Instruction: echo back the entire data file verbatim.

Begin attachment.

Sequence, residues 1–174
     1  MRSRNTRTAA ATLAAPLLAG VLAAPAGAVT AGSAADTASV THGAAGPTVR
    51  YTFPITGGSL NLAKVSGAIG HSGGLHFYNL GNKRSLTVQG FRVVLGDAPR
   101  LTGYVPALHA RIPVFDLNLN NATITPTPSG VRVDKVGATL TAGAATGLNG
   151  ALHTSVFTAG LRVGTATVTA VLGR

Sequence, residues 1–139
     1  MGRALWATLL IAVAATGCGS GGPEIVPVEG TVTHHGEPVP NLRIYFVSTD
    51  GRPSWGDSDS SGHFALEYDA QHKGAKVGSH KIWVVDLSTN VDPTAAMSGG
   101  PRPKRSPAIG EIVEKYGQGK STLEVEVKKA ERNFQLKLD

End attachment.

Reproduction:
Sequence, residues 1–174
     1  MRSRNTRTAA ATLAAPLLAG VLAAPAGAVT AGSAADTASV THGAAGPTVR
    51  YTFPITGGSL NLAKVSGAIG HSGGLHFYNL GNKRSLTVQG FRVVLGDAPR
   101  LTGYVPALHA RIPVFDLNLN NATITPTPSG VRVDKVGATL TAGAATGLNG
   151  ALHTSVFTAG LRVGTATVTA VLGR

Sequence, residues 1–139
     1  MGRALWATLL IAVAATGCGS GGPEIVPVEG TVTHHGEPVP NLRIYFVSTD
    51  GRPSWGDSDS SGHFALEYDA QHKGAKVGSH KIWVVDLSTN VDPTAAMSGG
   101  PRPKRSPAIG EIVEKYGQGK STLEVEVKKA ERNFQLKLD